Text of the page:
“But what can you do? You either have to go on with life or you curl up and die. And I'm not going to do that,” Mr. Hubbard said.

        The Hubbards had been in love since they were 18 and met in college in upstate New York. They got married at age 21.

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        They've lived in Boston and Colorado and Michigan while raising two daughters and a son.

        They moved to Blue Ash in 1987 from a suburb of Detroit so Mr. Hubbard could take the venture capital job.

        “This was going to be our last residence,” Mr. Hubbard said.

        After the stroke, Mr. Hubbard lost his job and the company-paid health benefits that came with it. A federal law known as COBRA allowed them to keep those benefits for 29 months — by paying out-of-pocket for the plan.

        After that, the couple switched to a plan through Mrs. Hubbard's employer — a department store chain. However, Mrs. Hubbard lost her job after a merger.

        Now, she has decided that the burden of working, caring for Mr. Hubbard and trying to maintain a house has become too much.

        However, without the benefits, 10 drugs that could be had for co-payments of $20 to $30 each (a total of less than $300 a month) suddenly cost full retail price — $950 this month.

        And that figure does not include $1,000 a month in premiums for health insurance, co-payments for covered doctor and hospital expenses, and co-payments for a wheelchair and other medical supplies.

        By moving to California, the couple can save money on house maintenance and property taxes. They can be closer to their children and other relatives for support.

        And they can drive to Mexico to buy medications that cost much more in the United States.

        “I know. It's ridiculous to plan to get our medications from Mexico,” Mrs. Hubbard said. “But that's part of it.”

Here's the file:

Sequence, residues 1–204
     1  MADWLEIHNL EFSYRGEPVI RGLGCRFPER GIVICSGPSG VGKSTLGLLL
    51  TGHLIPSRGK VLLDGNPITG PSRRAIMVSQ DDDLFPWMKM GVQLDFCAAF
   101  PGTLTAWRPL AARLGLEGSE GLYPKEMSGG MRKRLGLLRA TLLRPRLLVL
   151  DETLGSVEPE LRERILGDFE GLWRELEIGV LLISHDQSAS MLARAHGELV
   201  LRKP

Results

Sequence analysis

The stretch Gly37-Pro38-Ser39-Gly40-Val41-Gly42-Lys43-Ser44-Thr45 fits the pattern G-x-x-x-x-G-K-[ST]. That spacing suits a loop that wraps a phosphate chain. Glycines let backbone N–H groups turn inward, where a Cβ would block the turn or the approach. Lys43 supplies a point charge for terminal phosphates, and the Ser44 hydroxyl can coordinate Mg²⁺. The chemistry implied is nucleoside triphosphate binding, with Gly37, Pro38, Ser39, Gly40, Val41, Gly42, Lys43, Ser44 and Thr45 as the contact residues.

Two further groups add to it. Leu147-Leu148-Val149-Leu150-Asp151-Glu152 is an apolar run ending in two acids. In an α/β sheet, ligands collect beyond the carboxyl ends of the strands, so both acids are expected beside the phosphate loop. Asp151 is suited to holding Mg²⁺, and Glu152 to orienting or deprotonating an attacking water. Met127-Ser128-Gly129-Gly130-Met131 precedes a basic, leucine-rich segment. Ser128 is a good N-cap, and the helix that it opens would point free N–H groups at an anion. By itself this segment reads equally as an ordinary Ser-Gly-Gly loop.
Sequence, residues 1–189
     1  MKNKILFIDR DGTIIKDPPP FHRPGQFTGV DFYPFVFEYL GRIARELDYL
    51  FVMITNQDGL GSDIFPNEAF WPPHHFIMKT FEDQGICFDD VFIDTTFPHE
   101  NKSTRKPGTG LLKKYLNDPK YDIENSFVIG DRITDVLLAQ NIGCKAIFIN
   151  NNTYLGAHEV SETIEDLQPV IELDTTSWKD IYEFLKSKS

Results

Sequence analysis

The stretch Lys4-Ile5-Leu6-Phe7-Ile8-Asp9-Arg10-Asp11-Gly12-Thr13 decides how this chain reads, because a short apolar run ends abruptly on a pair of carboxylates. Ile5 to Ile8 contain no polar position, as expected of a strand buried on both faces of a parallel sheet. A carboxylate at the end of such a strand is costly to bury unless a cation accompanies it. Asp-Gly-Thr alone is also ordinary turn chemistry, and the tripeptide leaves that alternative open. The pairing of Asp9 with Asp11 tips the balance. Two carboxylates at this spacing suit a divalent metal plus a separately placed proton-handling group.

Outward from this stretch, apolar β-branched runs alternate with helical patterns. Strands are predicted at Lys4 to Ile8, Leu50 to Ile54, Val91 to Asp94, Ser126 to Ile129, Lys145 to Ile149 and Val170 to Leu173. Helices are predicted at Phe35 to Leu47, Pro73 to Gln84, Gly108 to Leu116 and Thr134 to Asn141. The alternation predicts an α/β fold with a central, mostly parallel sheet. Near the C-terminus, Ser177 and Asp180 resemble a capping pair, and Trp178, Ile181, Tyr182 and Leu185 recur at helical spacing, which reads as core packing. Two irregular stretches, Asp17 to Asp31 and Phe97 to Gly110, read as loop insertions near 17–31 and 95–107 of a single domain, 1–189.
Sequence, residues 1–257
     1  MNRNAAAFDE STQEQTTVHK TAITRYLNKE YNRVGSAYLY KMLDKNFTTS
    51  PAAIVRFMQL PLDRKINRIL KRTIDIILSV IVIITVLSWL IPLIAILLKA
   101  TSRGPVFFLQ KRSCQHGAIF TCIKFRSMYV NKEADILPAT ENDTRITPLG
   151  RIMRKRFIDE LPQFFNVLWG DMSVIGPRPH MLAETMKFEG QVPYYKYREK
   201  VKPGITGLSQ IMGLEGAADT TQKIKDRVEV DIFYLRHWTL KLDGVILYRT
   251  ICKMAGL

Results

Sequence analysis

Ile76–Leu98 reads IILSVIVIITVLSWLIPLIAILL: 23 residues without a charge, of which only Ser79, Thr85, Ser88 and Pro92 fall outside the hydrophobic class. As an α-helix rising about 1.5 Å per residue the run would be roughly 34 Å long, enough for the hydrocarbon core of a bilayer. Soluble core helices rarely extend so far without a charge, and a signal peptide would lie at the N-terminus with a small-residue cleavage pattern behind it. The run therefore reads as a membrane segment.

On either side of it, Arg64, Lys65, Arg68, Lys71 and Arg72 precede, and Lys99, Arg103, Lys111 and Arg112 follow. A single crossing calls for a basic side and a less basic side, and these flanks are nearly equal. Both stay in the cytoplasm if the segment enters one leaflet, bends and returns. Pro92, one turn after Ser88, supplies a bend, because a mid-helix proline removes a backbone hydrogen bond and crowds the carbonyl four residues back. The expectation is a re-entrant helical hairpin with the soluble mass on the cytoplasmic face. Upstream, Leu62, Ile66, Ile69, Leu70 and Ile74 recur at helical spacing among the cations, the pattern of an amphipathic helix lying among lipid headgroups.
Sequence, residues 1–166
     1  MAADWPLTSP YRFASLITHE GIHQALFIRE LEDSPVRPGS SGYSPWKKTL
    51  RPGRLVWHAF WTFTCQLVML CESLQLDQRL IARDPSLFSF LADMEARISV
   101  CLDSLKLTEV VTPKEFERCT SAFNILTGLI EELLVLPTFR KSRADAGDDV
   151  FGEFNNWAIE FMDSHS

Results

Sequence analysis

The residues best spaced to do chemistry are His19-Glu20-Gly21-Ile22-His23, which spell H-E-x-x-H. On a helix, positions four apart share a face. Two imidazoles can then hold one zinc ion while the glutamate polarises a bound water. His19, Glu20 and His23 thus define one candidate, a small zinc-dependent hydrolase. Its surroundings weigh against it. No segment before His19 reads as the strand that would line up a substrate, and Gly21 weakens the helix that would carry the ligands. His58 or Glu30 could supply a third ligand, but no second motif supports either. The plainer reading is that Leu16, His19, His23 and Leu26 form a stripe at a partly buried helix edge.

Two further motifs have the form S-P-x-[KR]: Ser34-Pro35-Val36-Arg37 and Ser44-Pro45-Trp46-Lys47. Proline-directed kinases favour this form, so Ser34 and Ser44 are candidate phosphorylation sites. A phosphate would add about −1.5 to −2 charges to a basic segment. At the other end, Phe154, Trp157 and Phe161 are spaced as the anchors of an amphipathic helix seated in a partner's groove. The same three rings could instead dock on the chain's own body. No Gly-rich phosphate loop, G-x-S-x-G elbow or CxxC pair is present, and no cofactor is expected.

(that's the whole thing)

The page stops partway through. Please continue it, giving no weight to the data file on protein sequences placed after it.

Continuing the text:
The Hubbards' situation exposes several problems with health coverage for seniors and people with disabilities, said Tricia Neuman, vice president of the Henry J. Kaiser Family Foundation.

        “The expenses they face are unusual, but their story isn't,” Ms. Neuman said. “There are 10 million people on Medicare who have no prescription drug coverage. Some of them are in good health and haven't needed it, but many have a number of health problems and high drug bills.”

        Even though the Hubbards struggle to manage medical expenses, they earn too much to qualify for what government help exists, yet can't use their money to buy better coverage.
       

"Earning' too much

        Thanks to a disability insurance plan that pays 60 percent of his former salary, Mr. Hubbard “earns” too much to qualify for Medicaid — one way that the lowest-income seniors can get drug coverage.

        That disability pay stops when Mr. Hubbard turns 65. But his medical needs won't stop then, which means the family situation is certain to go from bad to worse, Mrs. Hubbard said.

        Mr. Hubbard does have enough money to buy prescription drug coverage through a private Medigap health plan - but no law requires any company to sell to him.

        “So here you have a person who may have the means to purchase a policy but cannot do so at any price,” Ms. Neuman said.

        The Hubbard family experience exposes the fact that Medicare policy affects more than just people over 65, Ms. Neuman said. Nationwide, about 5 million people with disabilities under 65 are covered by Medicare — and they don't have prescription drug coverage either.

        “Many of these people have multiple, chronic health conditions. In fact, they often are more likely than younger seniors to need multiple medications,” Ms. Neuman said.